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BASIS FOR CONCLUSIONS ON IFRS 1 BASIC CONCEPTS

BASIS FOR CONCLUSIONS ON IFRS 1 BASIC CONCEPTS

BASIS FOR CONCLUSIONS ON IFRS 1 BASIC CONCEPTS

Basic concepts In developing recognition and measurement requirements for an entity’s opening IFRS balance sheet, the Board referred to the objective of financial statements, as set out in the Framework for the Preparation and Presentation of Financial Statements. The Framework3 states that the objective of financial statements is to provide information about the financial position, performance and changes in financial position of an entity that is useful to a wide range of users in making economic decisions.

 

BASIS FOR CONCLUSIONS ON IFRS 1 BASIC CONCEPTS

The Framework identifies four qualitative characteristics that make information in financial statements useful to users. In summary, the information should be:
(a) readily understandable by users.
(b) relevant to the decision-making needs of users.
(c) reliable, in other words financial statements should:

  •  represent faithfully the transactions and other events they either purport to represent or could reasonably be expected to represent;
  • represent transactions and other events in accordance with their substance and economic reality and not merely their legal form;
  •  be neutral, that is to say, free from bias;
  • contend with the uncertainties that inevitably surround many events and circumstances by the exercise of prudence; and
  • be complete within the bounds of materiality and cost.

(d)comparable with information provided by the entity in its financial statements through time and with information provided in the financial statements of other entities.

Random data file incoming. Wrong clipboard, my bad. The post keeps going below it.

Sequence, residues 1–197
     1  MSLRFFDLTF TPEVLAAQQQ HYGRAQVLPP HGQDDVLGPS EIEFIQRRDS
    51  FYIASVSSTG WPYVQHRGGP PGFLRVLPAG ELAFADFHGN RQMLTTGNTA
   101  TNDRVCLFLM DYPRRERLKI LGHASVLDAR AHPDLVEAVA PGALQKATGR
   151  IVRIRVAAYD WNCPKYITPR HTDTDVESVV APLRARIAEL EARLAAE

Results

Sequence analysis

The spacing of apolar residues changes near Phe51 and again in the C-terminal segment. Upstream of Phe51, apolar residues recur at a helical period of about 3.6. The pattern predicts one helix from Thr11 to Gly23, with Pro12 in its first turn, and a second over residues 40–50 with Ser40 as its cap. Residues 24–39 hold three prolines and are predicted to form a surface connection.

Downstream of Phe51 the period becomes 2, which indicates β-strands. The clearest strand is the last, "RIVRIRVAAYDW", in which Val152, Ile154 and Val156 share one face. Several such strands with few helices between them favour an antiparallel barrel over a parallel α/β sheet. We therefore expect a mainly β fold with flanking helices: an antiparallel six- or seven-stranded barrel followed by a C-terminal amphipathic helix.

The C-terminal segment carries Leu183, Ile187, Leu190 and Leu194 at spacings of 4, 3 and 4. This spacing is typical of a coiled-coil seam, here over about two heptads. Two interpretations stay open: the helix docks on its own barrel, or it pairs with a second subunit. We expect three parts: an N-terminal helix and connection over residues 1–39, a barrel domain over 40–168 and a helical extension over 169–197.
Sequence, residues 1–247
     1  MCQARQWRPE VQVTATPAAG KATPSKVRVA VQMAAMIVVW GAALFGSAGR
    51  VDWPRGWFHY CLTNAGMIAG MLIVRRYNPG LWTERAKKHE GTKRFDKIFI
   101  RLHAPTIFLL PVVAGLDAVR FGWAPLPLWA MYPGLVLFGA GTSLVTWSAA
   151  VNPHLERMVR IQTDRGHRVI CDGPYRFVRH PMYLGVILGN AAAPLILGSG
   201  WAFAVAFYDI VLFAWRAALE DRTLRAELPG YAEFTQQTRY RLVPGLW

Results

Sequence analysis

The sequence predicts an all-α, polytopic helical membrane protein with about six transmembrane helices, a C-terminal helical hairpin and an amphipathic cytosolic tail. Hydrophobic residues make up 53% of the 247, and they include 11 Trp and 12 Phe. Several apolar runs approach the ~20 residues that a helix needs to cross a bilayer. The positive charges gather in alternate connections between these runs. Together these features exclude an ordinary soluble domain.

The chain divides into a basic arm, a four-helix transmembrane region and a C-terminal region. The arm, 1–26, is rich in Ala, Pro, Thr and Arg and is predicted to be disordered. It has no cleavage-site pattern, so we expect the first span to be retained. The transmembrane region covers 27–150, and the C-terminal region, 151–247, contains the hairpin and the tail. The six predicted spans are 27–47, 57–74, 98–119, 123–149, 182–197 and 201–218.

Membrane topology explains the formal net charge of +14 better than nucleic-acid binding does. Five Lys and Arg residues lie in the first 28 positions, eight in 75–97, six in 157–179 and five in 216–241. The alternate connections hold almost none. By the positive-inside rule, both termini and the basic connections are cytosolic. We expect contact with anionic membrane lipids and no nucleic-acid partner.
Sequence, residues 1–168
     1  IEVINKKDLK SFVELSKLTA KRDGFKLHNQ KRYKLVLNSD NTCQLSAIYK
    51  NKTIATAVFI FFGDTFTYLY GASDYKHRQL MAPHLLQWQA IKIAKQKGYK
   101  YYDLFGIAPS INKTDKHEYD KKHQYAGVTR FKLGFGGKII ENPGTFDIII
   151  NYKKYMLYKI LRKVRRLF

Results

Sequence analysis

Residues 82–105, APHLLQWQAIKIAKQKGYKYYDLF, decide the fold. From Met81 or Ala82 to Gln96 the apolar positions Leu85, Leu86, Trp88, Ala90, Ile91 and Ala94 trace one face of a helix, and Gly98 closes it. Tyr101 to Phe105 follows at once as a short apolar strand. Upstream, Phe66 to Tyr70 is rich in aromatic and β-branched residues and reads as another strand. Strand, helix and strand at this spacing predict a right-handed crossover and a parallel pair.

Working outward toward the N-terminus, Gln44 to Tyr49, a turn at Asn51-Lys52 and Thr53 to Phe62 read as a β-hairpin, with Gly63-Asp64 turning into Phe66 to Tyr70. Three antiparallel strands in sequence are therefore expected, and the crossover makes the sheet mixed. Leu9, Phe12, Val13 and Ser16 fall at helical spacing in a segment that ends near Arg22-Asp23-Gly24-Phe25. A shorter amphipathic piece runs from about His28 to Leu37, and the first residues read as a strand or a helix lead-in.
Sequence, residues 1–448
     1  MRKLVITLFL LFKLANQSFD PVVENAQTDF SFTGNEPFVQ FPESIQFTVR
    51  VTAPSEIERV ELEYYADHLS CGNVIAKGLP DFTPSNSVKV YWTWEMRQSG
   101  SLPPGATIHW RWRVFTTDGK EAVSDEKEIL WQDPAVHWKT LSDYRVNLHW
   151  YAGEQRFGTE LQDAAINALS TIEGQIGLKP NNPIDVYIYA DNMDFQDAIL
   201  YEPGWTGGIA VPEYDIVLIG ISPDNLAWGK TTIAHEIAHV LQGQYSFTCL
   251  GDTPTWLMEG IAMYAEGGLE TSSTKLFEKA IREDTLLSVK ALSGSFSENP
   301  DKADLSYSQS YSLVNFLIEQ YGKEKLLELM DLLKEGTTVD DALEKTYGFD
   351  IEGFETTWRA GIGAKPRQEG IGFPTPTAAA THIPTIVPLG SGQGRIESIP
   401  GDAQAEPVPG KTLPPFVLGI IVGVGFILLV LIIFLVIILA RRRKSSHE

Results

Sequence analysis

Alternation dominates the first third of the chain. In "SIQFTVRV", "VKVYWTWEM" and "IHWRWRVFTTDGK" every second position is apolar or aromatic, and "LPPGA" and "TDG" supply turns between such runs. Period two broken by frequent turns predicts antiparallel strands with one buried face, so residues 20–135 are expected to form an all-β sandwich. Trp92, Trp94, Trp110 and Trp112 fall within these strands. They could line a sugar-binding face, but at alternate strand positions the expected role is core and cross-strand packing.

BASIS FOR CONCLUSIONS ON IFRS 1 BASIC CONCEPTS

Comparability
The previous paragraph notes the need for comparability. Ideally, a regime for first-time adoption of IFRSs would achieve comparability:
(a) within an entity over time;
(b) between different first-time adopters; and
(c) between first-time adopters and entities that already apply IFRSs.

SIC-8 gave priority to ensuring comparability between a first-time adopter and entities that already applied IASs. It was based on the principle that a first-time adopter should comply with the same standards as an entity that already applied IASs. However, the Board decided that it is more important to achieve comparability over time within a first-time adopter’s first IFRS financial statements and between different entities adopting IFRSs for the first time at a given date; achieving comparability between first-time adopters and entities that already apply IFRSs is a secondary objective.

BASIS FOR CONCLUSIONS ON IFRS 1 BASIC CONCEPTS

Current version of IFRSs
This:
(a) enhances comparability, because the information in a first-time adopter’s first IFRS financial statements is prepared on a consistent basis over time;

(b) gives users comparative information prepared using later versions of
IFRSs that the Board regards as superior to superseded versions; and

(c) avoids unnecessary costs.

BASIS FOR CONCLUSIONS ON IFRS 1 BASIC CONCEPTS
In general, the transitional provisions in other IFRSs do not apply to a first-time adopter. Some of these transitional provisions require or permit an entity already reporting in accordance with IFRSs to apply a new requirement prospectively. These provisions generally reflect a conclusion that one or both of the following factors are present in a particular case: